[0130] Each of the complex notification service applications uses the same running instance of the OMG Notification Server 12 to provide its own service. First, as load increases further, another instance, such as 12A or 12B, of the original OMG Notification Server 12 of FIG. 4B may be started. Second, the applications that use that Service (i.e., client applications 13,14 and complex notification service applications, such as the Complex Interest Server 19) are distributed among the running OMG Notification Service instances, such as 12,12A,12B.

[0131] Each of these two scaling actions (i.e., scaling of the complex notification service; and scaling of the OMG Notification Server 12) are independent of the other. In other words, either one or both of those scaling actions may be employed. This structure provides simple and complex notification services at an acceptable rate of feedthrough in a wide range of applications.

[0132] In the face of poor service, there is the need to determine whether the OMG Notification Service(s) 12 (and/or 12A,12B) or the complex notification service application(s) of the Complex Interest Server(s) 19 are failing to provide a suitable quality of service. To address this problem, each component of the simple and complex notification service is independently measured to ascertain relative changes in performance. If, for example, in response to increased user demand and/or load, there are increases in feedback time from the CIS 19 with no corresponding increases in feedback time from the OMG Notification Server 12, then it is inferred that the complex notification service is not providing a suitable quality of service. Alternatively, if, for example, there are increases in feedback time from both the complex notification service and the OMG Notification Server 12, then it is inferred that it is at least the OMG Notification Server 12 that is not providing a suitable quality of service. In either case, another instance of the service that is not providing a suitable quality of service is started, and the clients thereof are suitably distributed as discussed above. Although believed to be an infrequent occurrence, if there are increases in feedback time from only the OMG Notification Server 12 (e.g., arising from a relatively large number of simple interest registrations and/or notifications 15,16), then it is inferred that the OMG Notification Server 12 is not providing a suitable quality of service.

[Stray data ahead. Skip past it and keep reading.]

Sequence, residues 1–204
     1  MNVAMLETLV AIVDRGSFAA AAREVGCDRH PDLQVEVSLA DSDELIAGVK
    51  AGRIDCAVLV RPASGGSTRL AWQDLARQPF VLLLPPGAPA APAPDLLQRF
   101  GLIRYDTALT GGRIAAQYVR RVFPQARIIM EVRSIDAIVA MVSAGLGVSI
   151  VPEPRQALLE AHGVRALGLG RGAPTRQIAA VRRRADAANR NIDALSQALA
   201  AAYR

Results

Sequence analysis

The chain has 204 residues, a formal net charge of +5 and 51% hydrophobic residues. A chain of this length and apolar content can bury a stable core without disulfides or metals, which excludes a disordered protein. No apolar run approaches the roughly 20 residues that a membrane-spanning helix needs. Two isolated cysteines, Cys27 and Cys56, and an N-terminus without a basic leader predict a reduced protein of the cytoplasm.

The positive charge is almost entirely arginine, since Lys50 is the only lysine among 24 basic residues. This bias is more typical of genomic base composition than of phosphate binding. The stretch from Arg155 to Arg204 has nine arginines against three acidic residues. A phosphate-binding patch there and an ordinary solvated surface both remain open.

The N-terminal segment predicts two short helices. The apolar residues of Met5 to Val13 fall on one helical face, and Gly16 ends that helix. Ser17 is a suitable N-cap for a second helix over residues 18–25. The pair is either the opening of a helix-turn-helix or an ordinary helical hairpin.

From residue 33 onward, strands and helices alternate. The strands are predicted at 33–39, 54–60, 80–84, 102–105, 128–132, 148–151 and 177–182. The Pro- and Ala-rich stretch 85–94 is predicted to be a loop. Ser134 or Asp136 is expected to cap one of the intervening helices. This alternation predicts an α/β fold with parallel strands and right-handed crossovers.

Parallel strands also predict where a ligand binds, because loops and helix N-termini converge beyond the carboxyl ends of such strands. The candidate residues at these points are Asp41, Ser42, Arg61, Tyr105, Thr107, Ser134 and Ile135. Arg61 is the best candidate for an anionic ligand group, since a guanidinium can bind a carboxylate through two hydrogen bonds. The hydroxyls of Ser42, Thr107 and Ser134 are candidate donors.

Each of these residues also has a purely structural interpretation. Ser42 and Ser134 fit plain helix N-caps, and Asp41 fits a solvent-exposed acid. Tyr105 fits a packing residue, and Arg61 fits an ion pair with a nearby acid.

[0133] There may be advantages and disadvantages in splitting the routing of simple interests and complex interests. The following three examples show scaling for complex interests as provided by the complex notification service of the Complex Interest Server 19.

EXAMPLE 1

[0134] In this example, as shown in the FIG. 5A, the Complex Interest Server 19 notices an increased load based upon suitable feedback measures on its complex interest matching computations. In response, the Complex Interest Server 19 spawns another complex notification service as provided by Complex Interest Server 19A. Upon invoking this spawned service, the original Complex Interest Server 19 transfers the complex interests of one or more clients, such as client 14. For example, for each of those transferred client(s), the Complex Interest Server 19 transfers the current state of the complex interests (not shown) and the declarations of the complex interests (not shown) for that client being transferred to the spawned service of Complex Interest Server 19A. The Complex Interest Server 19 also ensures that the transferred client 14 is made aware of the new Complex Interest Server instance 19A before control is transferred.

EXAMPLE 2